Young Asian refugees bond with Scouting Troop 1262
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For many refugees from Burma, adjusting to the urban, fast-paced environment of the Salt Lake Valley can prove a challenge. But the refugees' rural, mountain-loving upbringing can make them first-rate Boy Scouts.
Scout Troop 1262 is sponsored by the Columbus Branch of the South Salt Lake Stake and includes more than four dozen Scouts. It's perhaps unlike any troop in Scouting with a remarkable backstory of service, faith and fellowship.
In 2008 refugees from Burma (also known as Myanmar) began immigrating into the Salt Lake Valley. They were usually placed in low-cost apartments. For most, the view from their windows was framed by blacktop and concrete. This was a major adjustment for the teenage boys who were used to traversing the hills near their refugee camps in search of food (mainly small animals and birds).
The boys had a love of the outdoors and loved to roam free. Growing accustomed to the fast-paced U.S. culture — and being confined to small areas — was overwhelming for some. Also, these boys had grown up surrounded by war and violence. Some exhibited hostile tendencies. Sitting in a school classroom day after day often proved difficult. They were able to understand little of what was said in English — and they felt a great deal of sociological pressure to escape into any kind of a comfort zone that would give them some acceptance and purpose.
Unfortunately, many refugee boys found such acceptance in the form of gangs and other undesirable activities.
With the encouragement of missionaries and neighbors who were members of the Church, many of the Burmese refugee families began attending Church services. Many of them were baptized and became active in the Church. However, some of the young men struggled with the three-hour meeting block. A few of the boys started getting into trouble and found themselves in the juvenile court system.
Welcome Hand, a humanitarian organization for refugees, sponsored Scout Troop 1262 in 2009. The boys immediately connected with the Scouting program.
"Scouting is a natural for them," said Bob Roylance, 73, the troop Scoutmaster. "They come from the mountains and love to be outdoors." Fourteen boys attended the first Scout camp in 2009, 24 attended the Evergreen summer camp in 2010, and 41 young men attended the Bear Lake Aquatics Camp in 2011. During one summer camp the boys were presented the Tomahawk Award for being the top troop in the camp. They received a standing ovation from the boys in the other troops.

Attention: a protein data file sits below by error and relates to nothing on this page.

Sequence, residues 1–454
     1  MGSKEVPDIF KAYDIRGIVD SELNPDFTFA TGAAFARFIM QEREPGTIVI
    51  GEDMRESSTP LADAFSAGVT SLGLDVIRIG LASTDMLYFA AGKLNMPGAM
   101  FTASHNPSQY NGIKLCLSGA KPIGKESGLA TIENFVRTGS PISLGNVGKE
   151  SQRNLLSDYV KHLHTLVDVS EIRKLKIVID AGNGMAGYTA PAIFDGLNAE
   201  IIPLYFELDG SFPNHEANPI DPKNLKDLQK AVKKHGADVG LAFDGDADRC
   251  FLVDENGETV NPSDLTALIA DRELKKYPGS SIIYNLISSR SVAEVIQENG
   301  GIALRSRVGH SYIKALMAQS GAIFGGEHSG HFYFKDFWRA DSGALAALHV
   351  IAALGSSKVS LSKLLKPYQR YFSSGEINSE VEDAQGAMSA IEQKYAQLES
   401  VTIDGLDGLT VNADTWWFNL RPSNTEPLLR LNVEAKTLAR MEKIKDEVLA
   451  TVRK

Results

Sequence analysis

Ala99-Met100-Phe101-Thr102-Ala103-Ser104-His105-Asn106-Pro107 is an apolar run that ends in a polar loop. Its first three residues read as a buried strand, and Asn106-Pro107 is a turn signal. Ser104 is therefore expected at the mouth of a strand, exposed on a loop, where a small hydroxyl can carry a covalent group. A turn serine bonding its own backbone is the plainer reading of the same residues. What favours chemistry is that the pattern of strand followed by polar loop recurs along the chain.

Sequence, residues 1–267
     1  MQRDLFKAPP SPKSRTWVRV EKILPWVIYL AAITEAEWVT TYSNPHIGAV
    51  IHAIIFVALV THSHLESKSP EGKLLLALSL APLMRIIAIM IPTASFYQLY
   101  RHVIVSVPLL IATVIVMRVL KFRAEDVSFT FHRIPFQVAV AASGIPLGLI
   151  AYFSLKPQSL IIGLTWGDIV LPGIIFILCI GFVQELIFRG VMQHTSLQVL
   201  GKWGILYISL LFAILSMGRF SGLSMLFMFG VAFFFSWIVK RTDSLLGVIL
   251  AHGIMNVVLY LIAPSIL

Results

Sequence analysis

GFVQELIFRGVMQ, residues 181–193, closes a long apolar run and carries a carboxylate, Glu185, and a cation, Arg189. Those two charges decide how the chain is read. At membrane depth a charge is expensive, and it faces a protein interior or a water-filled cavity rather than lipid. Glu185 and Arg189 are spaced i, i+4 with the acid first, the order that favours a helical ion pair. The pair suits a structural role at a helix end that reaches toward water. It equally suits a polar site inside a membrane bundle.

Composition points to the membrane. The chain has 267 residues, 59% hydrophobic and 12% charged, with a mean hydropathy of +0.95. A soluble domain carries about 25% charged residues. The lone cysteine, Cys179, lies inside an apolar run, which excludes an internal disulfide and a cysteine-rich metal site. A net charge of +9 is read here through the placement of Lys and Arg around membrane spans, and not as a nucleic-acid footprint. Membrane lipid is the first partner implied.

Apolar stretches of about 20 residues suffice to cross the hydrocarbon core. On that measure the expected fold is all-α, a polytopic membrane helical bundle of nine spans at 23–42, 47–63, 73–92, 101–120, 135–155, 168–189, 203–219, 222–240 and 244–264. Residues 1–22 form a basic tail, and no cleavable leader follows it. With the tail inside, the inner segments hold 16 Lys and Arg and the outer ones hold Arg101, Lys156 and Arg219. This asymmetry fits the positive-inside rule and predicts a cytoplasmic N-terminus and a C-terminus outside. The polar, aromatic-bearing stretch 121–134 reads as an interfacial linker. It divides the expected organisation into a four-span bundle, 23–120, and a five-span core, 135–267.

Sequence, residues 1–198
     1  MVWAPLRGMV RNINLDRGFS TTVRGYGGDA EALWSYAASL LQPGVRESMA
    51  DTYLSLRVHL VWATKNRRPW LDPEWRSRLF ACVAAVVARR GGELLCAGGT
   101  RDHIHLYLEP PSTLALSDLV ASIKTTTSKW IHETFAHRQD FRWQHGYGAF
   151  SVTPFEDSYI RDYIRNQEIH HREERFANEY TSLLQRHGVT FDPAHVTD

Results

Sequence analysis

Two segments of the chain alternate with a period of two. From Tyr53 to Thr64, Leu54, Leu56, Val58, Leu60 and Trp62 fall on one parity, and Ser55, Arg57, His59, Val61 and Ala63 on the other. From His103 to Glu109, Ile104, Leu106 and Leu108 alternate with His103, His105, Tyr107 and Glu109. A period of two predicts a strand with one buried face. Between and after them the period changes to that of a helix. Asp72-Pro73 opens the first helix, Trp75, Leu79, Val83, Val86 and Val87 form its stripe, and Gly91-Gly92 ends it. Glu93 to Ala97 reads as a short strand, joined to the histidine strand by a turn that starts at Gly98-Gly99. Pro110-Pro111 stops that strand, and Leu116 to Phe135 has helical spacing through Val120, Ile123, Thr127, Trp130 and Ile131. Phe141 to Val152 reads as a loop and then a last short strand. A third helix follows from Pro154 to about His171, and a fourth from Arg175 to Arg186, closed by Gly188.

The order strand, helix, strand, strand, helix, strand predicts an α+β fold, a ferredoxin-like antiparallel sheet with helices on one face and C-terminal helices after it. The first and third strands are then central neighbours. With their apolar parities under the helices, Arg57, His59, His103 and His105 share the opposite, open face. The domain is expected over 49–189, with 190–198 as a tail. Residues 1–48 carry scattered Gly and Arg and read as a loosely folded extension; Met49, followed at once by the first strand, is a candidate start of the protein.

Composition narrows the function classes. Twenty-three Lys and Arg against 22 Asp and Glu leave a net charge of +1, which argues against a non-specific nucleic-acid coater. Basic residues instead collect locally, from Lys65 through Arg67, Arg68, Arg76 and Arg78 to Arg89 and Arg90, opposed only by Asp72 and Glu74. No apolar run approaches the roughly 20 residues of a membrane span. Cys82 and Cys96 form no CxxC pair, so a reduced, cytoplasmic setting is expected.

Many of these boys began joining the Church along with their families and many attended Church in their local wards. Approximately 300 Burmese refugees in the Salt Lake Valley have joined the Church over the past four years. The Church and the Scouting program have offered many of the refugees a positive outlet to find friendship and wholesome outdoor activities. It's believed that gang activity in the South Salt Lake area has declined since the formation of Troop 1262.
Three years ago the Columbus Branch was created for Burmese members under the South Salt Lake Stake. The Boy Scout troop was a catalyst toward the formation of the branch. More than 25 of the young men have been baptized and are serving in the Aaronic priesthood. Last month, 12 of the young men gave sacrament meeting talks and shared their testimonies. Such moments were special highlights for the branch and troop. It's expected that a number of the refugee young men will serve full-time missions and return to provide quality leadership for their people.
Brother Roylance said Scouting has proven "absolutely critical" in helping the young men make the ongoing transition into full Church activity. He and his assistants look for opportunities to use Scouting activities to teach key gospel principles. "Sometimes I'll go over the Scout Law and talk about how it applies to the gospel."
More than 50 boys are registered in the troop, with more expected to soon join. Eleven Scouts have achieved the Life rank and are working on their Eagle award. Troop 1262 has brought happiness to not only the Scouts, but also to their families.